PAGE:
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April 9, 2003

Patrick McEnroe

United States Tennis Association

RANDY WALKER: Hello, everybody. Welcome to our Davis Cup conference call with US Davis Cup Captain Patrick McEnroe. As you may know, the United States drew an away tie against the Slovak Republic earlier today in the Davis Cup Playoff Round to be played September 19 through 21 in 2003. Without any further delay, I'll turn it over to Captain McEnroe who will make an opening statement on our match against the Slovak Republic, and then we'll turn it over to a question and answer session. Patrick?

PATRICK McENROE: Thanks, Randy. Thanks, everybody, for being on the call. We're pretty happy with the draw. The Slovaks obviously came to play us I guess a little over a year ago in Oklahoma City. They were without a couple of their best players, so I'm assuming that Kucera and Hrbaty will be part of this team. It certainly will be a difficult match for us. Any time you play on the road, it's always tricky. But I certainly feel very good about where our guys are going and what direction we're headed in. To me, this sort of will be the first step into us being back as a legitimate contender every year in Davis Cup. I'll be happy to take any and all of your questions.

RANDY WALKER: I'll turn it over to Susan, our operator, who will give you instructions on how to ask questions on the call.

Q. I just had two quick questions. The first is, with Fish and Ginepri kind of making significant strides this year, what are the biggest adjustments and improvements each one of those guys have to make to be able to consistently compete? The second one is, over the years we've heard the players and captains express some need to revise the Davis Cup format or schedule. I wondered, is it your sense that there's any sort of change imminent or at least consideration of a possible change imminent?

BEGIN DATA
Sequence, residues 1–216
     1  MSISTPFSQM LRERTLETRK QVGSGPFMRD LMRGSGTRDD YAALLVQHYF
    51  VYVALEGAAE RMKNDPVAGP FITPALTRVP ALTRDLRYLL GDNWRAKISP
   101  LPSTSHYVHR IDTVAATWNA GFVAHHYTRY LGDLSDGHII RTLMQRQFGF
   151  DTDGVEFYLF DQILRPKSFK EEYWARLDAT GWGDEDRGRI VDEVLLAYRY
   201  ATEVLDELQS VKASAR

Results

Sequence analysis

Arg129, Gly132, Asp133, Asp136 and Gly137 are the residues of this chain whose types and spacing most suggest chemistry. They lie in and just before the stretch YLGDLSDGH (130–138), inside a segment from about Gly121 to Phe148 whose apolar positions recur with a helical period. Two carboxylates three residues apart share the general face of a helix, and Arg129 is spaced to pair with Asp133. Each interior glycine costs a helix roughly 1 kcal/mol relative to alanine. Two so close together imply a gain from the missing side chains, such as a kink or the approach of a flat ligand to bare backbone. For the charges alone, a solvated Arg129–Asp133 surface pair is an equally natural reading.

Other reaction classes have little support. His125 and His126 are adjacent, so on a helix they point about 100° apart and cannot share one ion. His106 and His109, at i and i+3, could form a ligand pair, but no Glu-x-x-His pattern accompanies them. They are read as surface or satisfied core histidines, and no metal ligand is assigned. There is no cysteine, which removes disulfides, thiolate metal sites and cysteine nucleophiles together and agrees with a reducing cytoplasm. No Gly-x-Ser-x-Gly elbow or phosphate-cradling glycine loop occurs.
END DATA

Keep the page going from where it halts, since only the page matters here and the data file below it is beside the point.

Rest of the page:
PATRICK McENROE: Well, the first part, I'm obviously very happy with the progress of not just Mardy and Ginepri, but Taylor Dent and Vahaly and, obviously, where Andy and James are, they're sort of a notch above at the moment - certainly Andy a couple of notches. Mardy, I think basically needs to just mentally get a little bit tougher and not get as rattled. I'd like to see him improve his volleying because he's a very good volleyer, but I think he could get even better. I'd like to see him use his serve as more of a weapon. He's shored up his ground game, where his forehand is not really the liability that it was. I think for Mardy, it's more about competing every single match and not getting -- having those mental lapses that we've seen him have in a few matches. But he's made unbelievable progress in the last year. His coach, Kelly Jones, has done a great job with him. So I think he's really on a real good path. Robby Ginepri, I mean, his strides in just the last couple of months have been phenomenal. He took his game, I think, to a whole other level in Indian Wells and Miami. He's very tough to get the ball past at the baseline. He's very quick. I think what he's doing really well now is he's understood how to play with maybe a little more patience at times, and then when to step up his game and go for more winners. I think he's got the right balance now in that. Improvement-wise, obviously, I think he's got to continue to work on that determination of when to be patient and when to go for his shots. Technically, his serve can get a little better, his ability at the net can get better. He reminds me a lot of Jim Courier in the way he plays. Jim was able to improve his ability at the net as he got a little bit older. Robby is never going to be a Stefan Edberg-type volleyer, but he's going to be a guy that can come in and finish points at the net. I'm really happy with those guys and how they're progressing. They've just got to keep working hard. The better you get, the harder it gets to improve and to move up the rankings. The second part of your question, it's not really my job at this point to push, I think, for change in the format. I believe it should happen; I've said that numerous times. I believe it would be in the best interest of Davis Cup overall to make it more of maybe an every-other-year or at least have a Davis Cup season that's not so spread out. I'm not really focusing my energies on that because I'm focusing my energies on trying to get us back into the hunt of competing for the Davis Cup. But I do think there is discussion ongoing about it. I think with all the stuff that's going on recently with the players and the Grand Slams and all those talks, I hope that in the next couple years there's a real serious look at the calendar and a way to make the calendar better for everyone - for us as press people, for players, for fans. I think Davis Cup should be a more visible part of what that calendar should be. It's too good of an event to have it be what it is now, which is, "When is it? Who are you playing? What round is it?" People can't follow it. But in saying that, my work at the moment is to try and get our guys as good as they can get, or help them get there, and field the best team we have.